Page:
The Call of Duty: Black Ops 4 Blackout beta has largely been positively received by players, but it appears, according to a new report, that its netcode wasn’t very good.
YouTuber Battle(non)sense, who specialises in analysing the networking characteristics and netcode for many popular games, decided to put the Black Ops 4 Blackout beta through its paces.
Lag and other netcode problems weren’t particularly pronounced during the beta, though that is likely because it wasn’t live for very long on PC. According to their findings, the Blackout beta ran at a tickrate that’s as low as 10Hz, which is well below the standard for fast-paced shooters.
Black Ops 4 multiplayer, the beta of which ran at 62Hz, is more in line with other shooters like Overwatch, Battlefield, CS:GO etc. Which is why it’s disappointing – though hardly surprising – to see the tickrate drop this low in Blackout.
Of course, the number of players has everything to do with these results. Server tickrate in Blackout starts out at 20Hz in the parachuting phase, but things start turning sour as soon as players hit the ground. The tickrate then falls to just 10Hz, and stays there for a while in the early game, according to the report.
With 50 or so players alive, server tickrate goes up to around 20Hz and that’s where it’ll stay for the rest of the round.
As Battle(non)sense mentions in the video, this phenomenon is not unique to Blackout. Both PUBG, and Fortnite suffered from the same problems early in their release. Epic managed to get Fortnite to a stable 30Hz after a lot of work, and the game now has one of the lowest network delays for a competitive shooter.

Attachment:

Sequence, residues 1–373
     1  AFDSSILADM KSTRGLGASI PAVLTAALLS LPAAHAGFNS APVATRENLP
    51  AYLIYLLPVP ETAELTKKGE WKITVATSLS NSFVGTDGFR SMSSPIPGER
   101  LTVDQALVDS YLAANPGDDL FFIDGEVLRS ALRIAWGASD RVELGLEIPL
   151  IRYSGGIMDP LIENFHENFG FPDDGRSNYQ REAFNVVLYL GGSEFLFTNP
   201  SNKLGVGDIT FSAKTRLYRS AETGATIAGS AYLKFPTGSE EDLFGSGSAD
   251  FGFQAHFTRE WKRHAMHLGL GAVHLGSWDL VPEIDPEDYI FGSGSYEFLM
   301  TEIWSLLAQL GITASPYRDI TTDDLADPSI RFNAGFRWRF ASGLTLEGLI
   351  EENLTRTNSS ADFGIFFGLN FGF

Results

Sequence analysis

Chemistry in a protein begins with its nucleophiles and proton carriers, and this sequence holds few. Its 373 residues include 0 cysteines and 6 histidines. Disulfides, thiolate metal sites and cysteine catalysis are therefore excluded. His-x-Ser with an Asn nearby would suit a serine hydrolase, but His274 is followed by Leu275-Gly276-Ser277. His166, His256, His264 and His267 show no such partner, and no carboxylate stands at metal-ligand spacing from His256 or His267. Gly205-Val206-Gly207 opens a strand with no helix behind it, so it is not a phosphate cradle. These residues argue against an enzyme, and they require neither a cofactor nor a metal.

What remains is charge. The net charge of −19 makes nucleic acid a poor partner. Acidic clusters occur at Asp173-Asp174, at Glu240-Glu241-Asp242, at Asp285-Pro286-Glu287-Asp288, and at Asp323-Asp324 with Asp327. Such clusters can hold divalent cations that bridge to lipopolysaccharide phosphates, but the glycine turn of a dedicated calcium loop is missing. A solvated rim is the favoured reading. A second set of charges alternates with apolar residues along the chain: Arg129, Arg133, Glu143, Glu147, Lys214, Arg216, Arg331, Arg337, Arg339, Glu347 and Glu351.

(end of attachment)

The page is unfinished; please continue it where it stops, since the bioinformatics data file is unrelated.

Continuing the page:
PUBG Corp. has made great strides in this area as well, achieving a mostly stable 60Hz in PUBG regardless of the number of players alive. Though PUBG still has ways to go in the network lag department, it’s well ahead of where it was at release.
The Blackout beta sadly also appears to always register a shot regardless of how high the ping of the shooter is. In other words, a player with a low ping could get hit behind cover simply because their attacker had a high ping. This is a separate issue that has more to do with lag compensation, but it’s disappointing to see nonetheless.
Of course, some of this could be ironed out at launch, but it’s likely going to take time. This is a very complex process, and it took dedicated teams in other games months to fully tackle.
Blackout will be available at Call of Duty: Black Ops 4’s launch on October 12 for PC, PS4, and Xbox One.